Journal of Economics and Economic Education Research (Print ISSN: 1533-3590; Online ISSN: 1533-3604)

Research Article: 2020 Vol: 21 Issue: 3

Do Socio-Economic Factors Stimulate Womens Empowerment At Household Level? Evidence From South, South East Asia

Mariam Abbas Soharwardi, The Islamia University of Bahawalpur, Pakistan

Rabia Nazir, The Islamia University of Bahawalpur, Pakistan

Misbah Akhtar, The Islamia University of Bahawalpur, Pakistan

Abstract

The current study is an attempt to evaluate the current status of women's empowerment in the selected countries of (India, Pakistan, Nepal, Cambodia, and Timor-Leste) south and Southeast Asia using Demographic Health Surveys. A women empowerment index is constructed through principal component analysis that includes nineteen indicators of women empowerment. The study specifically measures the empowerment of ever married women aged 15 to 49 at the household level. The relationship between extent of empowerment (low, medium or high) and stimulating factors of women empowerment is analyzed using chi-square tests and regression analysis. We find that the individual factors such as women’s education, age, and health appear to be more significant stimulating factors for women’s empowerment. Similarly, women’s age at first birth and the total number of children ever born have a significantly negative influence on women's empowerment. The education and age of the spouse, household wealth and gender of the household head being male also proved to be strong stimulating factors for women empowerment. Furthermore, high empowerment of females is found to be positively associated with better education, better health status, urban residence, higher level of household wealth in the study. We also find that the extent of women’s empowerment is highest in Nepal and lowest in Pakistan as compared to the other three countries.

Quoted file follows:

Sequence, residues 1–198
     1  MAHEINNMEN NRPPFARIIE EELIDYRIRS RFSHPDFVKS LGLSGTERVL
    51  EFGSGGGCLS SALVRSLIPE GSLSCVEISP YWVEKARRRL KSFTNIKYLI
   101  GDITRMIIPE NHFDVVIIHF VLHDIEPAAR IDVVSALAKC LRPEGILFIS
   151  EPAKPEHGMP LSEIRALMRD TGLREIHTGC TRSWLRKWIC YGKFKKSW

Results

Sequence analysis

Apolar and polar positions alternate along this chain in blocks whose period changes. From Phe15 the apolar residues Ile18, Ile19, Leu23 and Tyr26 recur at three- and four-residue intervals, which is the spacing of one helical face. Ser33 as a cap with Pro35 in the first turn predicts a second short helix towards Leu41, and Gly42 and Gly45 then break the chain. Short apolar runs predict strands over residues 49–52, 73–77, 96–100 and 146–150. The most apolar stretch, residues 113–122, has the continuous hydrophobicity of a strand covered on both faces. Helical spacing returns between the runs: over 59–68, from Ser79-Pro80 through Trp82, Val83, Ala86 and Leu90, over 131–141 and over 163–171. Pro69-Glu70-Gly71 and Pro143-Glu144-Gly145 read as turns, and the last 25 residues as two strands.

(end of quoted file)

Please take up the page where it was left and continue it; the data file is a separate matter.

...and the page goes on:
Keywords

Socio-Economic Factors, Women Empowerment, Demographic Health Survey

JEL codes

J16, I14, O15

Introduction

"Woman the full circle. Within her is the power to create, nurture and transform is.” -Diane Mariechild

Empowering women is not only an essential part of human rights but it is also one of the goals developing countries are pursuing for the achievement sustainable development (Afshar, 2016). Women have remained at the mercy of the men (father, brother, husband or son) for centuries. This practice is continuing in different regions of the world as part of tradition, culture, or belief Fawole & Adeoye (2015); Furuta & Salway (2006). A woman performs multiple tasks and roles at her house. At the same time, she is keeping care of her husband, children, and all other family members. She works from sunrise until the sunset without relaxing her body and mind. Everyone in the family demands her services without understanding the needs of women. There is dire need that women should be aware of their due rights. It’s a compulsory part of development to produce a balanced society (Dobson, 2017).